Further, only offering to provide a solution to get customers' systems working again, for a price--regardless of the required amount--is simply insulting, and tantamount to blackmail. Particularly, when there is no functional benefit to the customer. 64 channels is 48 more than I would ever need. The 32 channel card, as it stood, was double.

Of all the problems to experience with your products, this is the most unexpected, given your widely-publicised, close partnership and exclusive integration with Apple platforms. I have to ask: exactly what is the benefit of this partnership to the customer? The obvious implication was the avoidance of compatibility issues, and tightly integrated, elegant solutions resulting from close collaboration with Apple, in design and implementation.

Or am I missing something? Please tell me!

Sincerely, (Customer name, and complete contact information)

RESULT: NO RESPONSE FROM APOGEE. (Sadly, as expected...)
I split and moved these posts to their own thread.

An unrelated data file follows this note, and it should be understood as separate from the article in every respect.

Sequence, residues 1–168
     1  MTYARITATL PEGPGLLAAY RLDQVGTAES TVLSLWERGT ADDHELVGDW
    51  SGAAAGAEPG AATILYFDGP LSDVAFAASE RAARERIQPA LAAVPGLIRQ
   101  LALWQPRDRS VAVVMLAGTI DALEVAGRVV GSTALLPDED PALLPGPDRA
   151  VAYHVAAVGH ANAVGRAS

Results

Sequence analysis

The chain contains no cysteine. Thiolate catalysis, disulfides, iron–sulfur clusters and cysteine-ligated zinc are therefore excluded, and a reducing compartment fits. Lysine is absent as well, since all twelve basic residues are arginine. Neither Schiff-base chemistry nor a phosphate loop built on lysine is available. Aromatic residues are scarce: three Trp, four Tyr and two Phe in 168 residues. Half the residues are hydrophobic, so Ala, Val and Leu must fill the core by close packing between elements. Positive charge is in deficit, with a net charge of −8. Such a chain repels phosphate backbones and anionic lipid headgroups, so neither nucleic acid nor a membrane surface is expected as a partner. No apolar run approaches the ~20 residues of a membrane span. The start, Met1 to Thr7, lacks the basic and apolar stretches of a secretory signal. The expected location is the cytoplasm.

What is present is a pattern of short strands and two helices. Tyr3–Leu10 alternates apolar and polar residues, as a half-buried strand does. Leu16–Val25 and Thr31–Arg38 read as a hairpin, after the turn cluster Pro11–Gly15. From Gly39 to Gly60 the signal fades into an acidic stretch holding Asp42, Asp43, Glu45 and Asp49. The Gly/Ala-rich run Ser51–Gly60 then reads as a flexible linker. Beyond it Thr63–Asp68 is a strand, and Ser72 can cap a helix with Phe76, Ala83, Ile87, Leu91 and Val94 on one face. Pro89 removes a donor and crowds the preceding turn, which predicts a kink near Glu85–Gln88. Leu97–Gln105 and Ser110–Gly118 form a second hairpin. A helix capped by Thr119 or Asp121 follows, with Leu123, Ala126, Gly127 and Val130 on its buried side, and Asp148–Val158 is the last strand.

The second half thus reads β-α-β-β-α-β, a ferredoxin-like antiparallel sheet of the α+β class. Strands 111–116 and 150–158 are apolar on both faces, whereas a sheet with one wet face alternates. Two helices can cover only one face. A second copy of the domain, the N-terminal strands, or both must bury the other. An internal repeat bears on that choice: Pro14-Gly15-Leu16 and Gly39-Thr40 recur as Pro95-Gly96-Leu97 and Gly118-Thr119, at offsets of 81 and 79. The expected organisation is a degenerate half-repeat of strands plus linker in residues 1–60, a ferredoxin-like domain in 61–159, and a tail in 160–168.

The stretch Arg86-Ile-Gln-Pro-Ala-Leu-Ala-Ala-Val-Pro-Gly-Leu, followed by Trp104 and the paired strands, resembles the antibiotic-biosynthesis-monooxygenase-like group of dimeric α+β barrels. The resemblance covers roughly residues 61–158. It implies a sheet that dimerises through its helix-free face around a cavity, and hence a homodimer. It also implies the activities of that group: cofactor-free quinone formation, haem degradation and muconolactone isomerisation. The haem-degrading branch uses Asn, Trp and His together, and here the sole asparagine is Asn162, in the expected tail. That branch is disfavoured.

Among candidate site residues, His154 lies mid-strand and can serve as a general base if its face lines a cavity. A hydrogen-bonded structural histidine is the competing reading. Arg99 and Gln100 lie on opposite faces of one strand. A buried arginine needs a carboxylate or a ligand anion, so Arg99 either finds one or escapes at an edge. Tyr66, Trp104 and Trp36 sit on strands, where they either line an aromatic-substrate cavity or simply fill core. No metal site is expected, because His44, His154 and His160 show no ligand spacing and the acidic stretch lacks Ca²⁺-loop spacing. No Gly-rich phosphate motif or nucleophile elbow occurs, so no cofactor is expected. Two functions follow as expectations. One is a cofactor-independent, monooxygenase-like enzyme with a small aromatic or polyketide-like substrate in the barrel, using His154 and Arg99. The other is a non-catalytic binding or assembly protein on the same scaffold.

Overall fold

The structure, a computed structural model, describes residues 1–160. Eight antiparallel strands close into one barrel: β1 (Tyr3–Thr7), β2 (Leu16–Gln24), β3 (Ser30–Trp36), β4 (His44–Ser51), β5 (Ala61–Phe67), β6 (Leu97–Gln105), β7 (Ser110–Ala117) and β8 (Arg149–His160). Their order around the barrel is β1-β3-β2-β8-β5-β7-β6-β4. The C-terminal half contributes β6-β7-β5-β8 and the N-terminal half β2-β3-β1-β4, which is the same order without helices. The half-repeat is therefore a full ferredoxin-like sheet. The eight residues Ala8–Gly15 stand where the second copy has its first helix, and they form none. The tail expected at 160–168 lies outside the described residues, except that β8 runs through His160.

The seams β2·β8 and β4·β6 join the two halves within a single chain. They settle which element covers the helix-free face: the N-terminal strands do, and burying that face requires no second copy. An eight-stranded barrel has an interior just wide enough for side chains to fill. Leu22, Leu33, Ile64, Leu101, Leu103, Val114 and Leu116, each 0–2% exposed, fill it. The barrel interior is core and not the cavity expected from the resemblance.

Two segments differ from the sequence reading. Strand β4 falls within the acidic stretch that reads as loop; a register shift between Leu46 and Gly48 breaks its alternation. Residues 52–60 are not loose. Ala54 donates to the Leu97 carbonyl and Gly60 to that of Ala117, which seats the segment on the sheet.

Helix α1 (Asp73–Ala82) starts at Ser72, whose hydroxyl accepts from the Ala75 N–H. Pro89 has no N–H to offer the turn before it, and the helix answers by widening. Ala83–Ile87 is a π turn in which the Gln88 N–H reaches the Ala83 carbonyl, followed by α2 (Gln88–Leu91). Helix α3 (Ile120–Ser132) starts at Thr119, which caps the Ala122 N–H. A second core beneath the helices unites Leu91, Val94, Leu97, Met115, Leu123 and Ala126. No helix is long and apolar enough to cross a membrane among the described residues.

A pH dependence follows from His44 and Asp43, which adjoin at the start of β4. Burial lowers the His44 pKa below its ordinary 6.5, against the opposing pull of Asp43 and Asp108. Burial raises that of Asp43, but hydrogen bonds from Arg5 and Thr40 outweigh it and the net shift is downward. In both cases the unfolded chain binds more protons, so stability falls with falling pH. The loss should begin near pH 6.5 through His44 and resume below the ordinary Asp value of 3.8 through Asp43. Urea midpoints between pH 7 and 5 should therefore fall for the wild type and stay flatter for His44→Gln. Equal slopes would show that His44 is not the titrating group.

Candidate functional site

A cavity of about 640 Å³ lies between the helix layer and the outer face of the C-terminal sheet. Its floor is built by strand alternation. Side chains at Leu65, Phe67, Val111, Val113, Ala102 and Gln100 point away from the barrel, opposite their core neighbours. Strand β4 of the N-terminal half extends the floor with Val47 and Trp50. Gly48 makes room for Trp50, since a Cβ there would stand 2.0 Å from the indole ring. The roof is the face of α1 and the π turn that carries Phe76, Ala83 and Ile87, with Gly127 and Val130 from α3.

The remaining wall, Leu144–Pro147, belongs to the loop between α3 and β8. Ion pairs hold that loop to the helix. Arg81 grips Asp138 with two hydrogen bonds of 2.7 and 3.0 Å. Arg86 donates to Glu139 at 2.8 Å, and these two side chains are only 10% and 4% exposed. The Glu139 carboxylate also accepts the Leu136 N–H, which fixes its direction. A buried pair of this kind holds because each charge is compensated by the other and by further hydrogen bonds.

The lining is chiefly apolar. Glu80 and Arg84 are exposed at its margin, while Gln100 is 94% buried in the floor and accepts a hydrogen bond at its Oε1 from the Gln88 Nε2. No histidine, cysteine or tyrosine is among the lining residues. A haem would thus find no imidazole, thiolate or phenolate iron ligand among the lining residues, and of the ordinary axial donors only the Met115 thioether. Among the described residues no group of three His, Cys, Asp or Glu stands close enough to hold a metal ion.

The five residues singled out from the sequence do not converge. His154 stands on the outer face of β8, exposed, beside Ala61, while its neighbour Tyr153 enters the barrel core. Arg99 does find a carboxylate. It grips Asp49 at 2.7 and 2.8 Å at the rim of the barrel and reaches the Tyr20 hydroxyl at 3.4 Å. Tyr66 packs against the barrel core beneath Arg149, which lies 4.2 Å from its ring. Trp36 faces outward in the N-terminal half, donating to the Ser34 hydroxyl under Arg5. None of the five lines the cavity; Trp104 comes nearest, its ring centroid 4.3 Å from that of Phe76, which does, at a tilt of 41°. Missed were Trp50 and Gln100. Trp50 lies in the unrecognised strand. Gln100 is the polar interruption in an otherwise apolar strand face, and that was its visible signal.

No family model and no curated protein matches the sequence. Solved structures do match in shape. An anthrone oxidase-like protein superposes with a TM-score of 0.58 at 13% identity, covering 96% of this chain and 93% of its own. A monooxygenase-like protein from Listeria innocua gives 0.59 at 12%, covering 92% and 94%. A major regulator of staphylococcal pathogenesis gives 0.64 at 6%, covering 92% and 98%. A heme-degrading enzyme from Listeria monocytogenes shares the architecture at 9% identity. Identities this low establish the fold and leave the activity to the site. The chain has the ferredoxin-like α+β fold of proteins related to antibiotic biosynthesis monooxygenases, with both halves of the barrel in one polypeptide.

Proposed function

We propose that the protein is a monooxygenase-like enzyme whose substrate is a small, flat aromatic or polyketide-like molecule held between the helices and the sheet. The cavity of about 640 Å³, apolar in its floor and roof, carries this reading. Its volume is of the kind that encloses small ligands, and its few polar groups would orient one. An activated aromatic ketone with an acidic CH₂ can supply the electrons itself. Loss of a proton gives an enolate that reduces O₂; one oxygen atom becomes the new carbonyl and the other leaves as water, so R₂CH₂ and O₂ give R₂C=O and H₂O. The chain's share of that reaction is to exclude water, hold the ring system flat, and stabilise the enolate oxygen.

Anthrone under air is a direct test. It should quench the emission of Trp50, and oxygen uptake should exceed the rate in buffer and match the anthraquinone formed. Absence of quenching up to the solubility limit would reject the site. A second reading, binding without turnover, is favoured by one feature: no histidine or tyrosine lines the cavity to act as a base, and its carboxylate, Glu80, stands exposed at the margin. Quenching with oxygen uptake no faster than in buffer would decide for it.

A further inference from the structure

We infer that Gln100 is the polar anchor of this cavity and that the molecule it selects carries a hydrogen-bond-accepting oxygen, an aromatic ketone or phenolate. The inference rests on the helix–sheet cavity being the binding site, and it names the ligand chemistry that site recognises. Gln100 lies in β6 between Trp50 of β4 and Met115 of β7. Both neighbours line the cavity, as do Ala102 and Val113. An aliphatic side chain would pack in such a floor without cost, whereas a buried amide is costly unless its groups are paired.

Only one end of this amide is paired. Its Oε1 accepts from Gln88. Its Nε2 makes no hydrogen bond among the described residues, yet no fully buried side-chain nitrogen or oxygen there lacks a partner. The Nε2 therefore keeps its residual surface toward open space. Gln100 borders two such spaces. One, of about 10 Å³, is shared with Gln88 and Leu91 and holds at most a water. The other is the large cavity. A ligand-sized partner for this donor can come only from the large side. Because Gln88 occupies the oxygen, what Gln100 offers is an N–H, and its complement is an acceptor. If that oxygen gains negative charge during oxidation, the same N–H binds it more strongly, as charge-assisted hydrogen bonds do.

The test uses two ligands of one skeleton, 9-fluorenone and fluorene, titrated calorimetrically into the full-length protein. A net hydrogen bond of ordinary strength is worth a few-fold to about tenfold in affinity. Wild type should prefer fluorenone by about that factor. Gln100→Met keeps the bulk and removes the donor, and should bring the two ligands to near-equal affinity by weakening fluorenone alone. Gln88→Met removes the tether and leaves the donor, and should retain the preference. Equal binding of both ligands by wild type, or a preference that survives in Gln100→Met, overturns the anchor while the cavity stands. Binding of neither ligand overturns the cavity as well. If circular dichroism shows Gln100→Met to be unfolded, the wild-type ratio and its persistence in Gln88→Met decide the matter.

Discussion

Have you not tried reverting back to 10.6.7?


Integral to the Issue of Moving to 10.6.8

Hi Mark. Well the whole reason I'm spending my time to post this information is to aid people who are having the same issue with the 32-channel Apogee card, and your announcement (and promotion) of the upgrade to 10.6.8 within the original thread.

But you're the moderator, and can do what you want, I guess.

If you read the content of my posts, you'll understand my reasoning for not downgrading to 10.6.7, and instead, upgrading to hardware that works on an updated system. Which, as I've described, is the correct approach to such problems--as costly as they might be.

And, in case you missed it, a major point of my postings contains encouragement the user community to stop enable this kind of company misbehavior.
big Q: why does your system auto-update? You can turn it off in your system prefs, then you have no issues and the power to update when it's safe.

just wondering...
OS Updates

Every OSX Mac I've ever had asks me if I want to update. Most of the time I click 'no' until I have time to look into the update...

How is it that you have your Mac 'automatically update' without your knowledge?
Apple Updates Are Necessary!